Pregnancy With Ulcerative Colitis

Your ulcerative colitis (UC) shouldn't prevent you from starting a family. There may be some challenges, but you can still have a healthy pregnancy. Get your questions answered before you start trying to get pregnant.

Will Ulcerative Colitis Make It Harder for Me to Get Pregnant?

Your chances of becoming pregnant are no different than other women your age, but it may be harder if you've had some types of surgery.

For example, in an operation called a full colectomy, a surgeon removes the entire large intestine and creates an internal pouch to hold waste. This can leave scar tissue in your pelvic area. A better choice, if you need to have surgery and want to have children, is a partial colectomy, with a pouch on the outside. It won't affect your chances of getting pregnant. After you've had children, a surgeon can remove the rest of your large intestine and make a pouch on the inside.

How Can I Raise My Chances of a Healthy Pregnancy?

The most important thing you can do is get your UC under control and into remission before you try to get pregnant. If you get pregnant while the disease is still active, there's a good chance your symptoms will continue or get worse during pregnancy.

Active UC flare-ups can leave you underweight and without nutrients that are important for pregnancy. If you don't weigh as much as you should, you're much more likely to have a miscarriage in the first trimester. When you're underweight, you might have a premature and underweight baby.

As soon as you start thinking about getting pregnant, make an appointment to see your doctor as well as your OB-GYN. Talk with them about how to make sure you get the care you need for a healthy pregnancy. A dietitian can help make sure you get a well-balanced diet.

Like women without UC, you should take a prenatal vitamin every day while you're trying to get pregnant and during pregnancy. Sometimes the iron in prenatal vitamins can be rough on your system, so you may need to try different formulations.

Be sure to get your iron levels checked, because women with UC are more likely to get anemia.

You may also need to take extra folic acid, which helps prevent birth defects. Your ulcerative colitis, as well as sulfasalazine that's used to treat it, can make it hard for the body to absorb folic acid.


How Will UC Medication Affect My Pregnancy?

Two drugs for ulcerative colitis are known to cause birth defects: methotrexate and thalidomide. Ask your doctor to switch you to other drugs at least 3 months before you plan to start trying to get pregnant.

Your doctor may recommend that you stop taking steroids or take a very low dose. They can be risky during pregnancy, including a slightly higher chance that a baby will be born with a cleft palate.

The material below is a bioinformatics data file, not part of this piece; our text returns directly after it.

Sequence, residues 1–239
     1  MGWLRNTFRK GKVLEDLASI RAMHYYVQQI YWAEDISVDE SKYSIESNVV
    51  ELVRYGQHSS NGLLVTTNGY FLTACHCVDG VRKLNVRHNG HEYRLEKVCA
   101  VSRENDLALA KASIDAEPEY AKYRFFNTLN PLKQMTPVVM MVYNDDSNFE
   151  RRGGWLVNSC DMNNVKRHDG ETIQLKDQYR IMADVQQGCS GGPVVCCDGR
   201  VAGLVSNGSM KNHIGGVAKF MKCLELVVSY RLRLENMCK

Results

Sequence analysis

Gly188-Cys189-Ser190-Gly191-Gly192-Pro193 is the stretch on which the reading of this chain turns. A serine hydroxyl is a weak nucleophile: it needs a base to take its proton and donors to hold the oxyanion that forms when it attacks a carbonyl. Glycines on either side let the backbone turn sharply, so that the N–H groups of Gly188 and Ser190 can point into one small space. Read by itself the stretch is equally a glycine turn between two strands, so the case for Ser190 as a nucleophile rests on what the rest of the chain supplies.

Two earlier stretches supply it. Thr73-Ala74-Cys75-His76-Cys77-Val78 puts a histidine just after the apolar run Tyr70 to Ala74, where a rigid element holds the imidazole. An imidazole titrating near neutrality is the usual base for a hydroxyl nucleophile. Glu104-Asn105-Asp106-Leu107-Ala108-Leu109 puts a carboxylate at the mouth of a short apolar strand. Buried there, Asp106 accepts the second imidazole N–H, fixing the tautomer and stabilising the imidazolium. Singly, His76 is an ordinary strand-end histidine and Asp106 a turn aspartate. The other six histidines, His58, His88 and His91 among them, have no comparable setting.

Other medications for ulcerative colitis may be OK to take. Talk to your doctor about keeping your UC under control and how you'll handle a flare during pregnancy.

Can I Deliver a Healthy Baby?

Your chances of having a healthy baby are very good when you get the right care. You'll want to work closely with your doctors to keep your UC well-controlled throughout your pregnancy, because women with inflammatory bowel disease are more likely to have complications such as miscarriage, preterm delivery, and a low-birth-weight baby.

The risk of birth defects may also be slightly higher, but that's more likely due to the medications for ulcerative colitis, not the disease itself.

Your OB-GYN will treat your pregnancy as high-risk and refer you to a perinatologist, an OB specializing in high-risk, complicated pregnancies. That means you'll get regular checkups from your OB-GYN, gastroenterologist, and the specialist.

How Will My Ulcerative Colitis Affect My Baby?

The chance of a woman passing ulcerative colitis to her baby is very small -- about 2% to 5%. The risk goes up to about 30% if both parents have inflammatory bowel disease.

After you deliver, let your pediatrician know about any ulcerative colitis drugs you were taking while you were pregnant.

If you took a biologic drug during the last two trimesters, your baby's developing immune system -- the body's defense against germs -- could have been affected. Your baby can't get any shots with live viruses, such as the rotavirus vaccine, in the first 6 months of his life.

WebMD Medical Reference Reviewed by Traci C. Johnson, MD on January 16, 2020



Dubinsky, M. Inflammatory Bowel Diseases, December 2008.

Maconochie, N. BJOG, February 2007.

Fukushima, T. Toxicological Sciences, 2005.

Cornish, J. Gut, June 2007.

Crohn's & Colitis Foundation of America: "IBD and Pregnancy: What You Need to Know," "Crohn's & Colitis Foundation of America's Clinical Alliance Presents Findings Related to Pregnancy Outcomes in Patients Being Treated for Inflammatory Bowel Disease."

Alan C. Moss, MD, assistant professor of medicine, Harvard Medical School; director of translational research, Center for Inflammatory Bowel Disease, Beth Israel Deaconess Medical Center, Boston.

American Pregnancy Association: "Eating for Two When Over/ or Under Weight."

Uma Mahadevan, MD, associate professor of medicine and director of clinical research, Center for Colitis and Crohn's Disease, University of California, San Francisco.

© 2020 WebMD, LLC. All rights reserved.